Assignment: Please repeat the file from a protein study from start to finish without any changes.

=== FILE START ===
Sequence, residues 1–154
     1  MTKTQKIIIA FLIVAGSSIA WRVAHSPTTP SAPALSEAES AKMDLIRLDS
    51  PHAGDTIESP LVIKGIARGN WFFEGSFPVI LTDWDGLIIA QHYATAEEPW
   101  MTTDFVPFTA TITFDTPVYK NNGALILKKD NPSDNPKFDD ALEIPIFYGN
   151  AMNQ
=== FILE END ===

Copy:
Sequence, residues 1–154
     1  MTKTQKIIIA FLIVAGSSIA WRVAHSPTTP SAPALSEAES AKMDLIRLDS
    51  PHAGDTIESP LVIKGIARGN WFFEGSFPVI LTDWDGLIIA QHYATAEEPW
   101  MTTDFVPFTA TITFDTPVYK NNGALILKKD NPSDNPKFDD ALEIPIFYGN
   151  AMNQ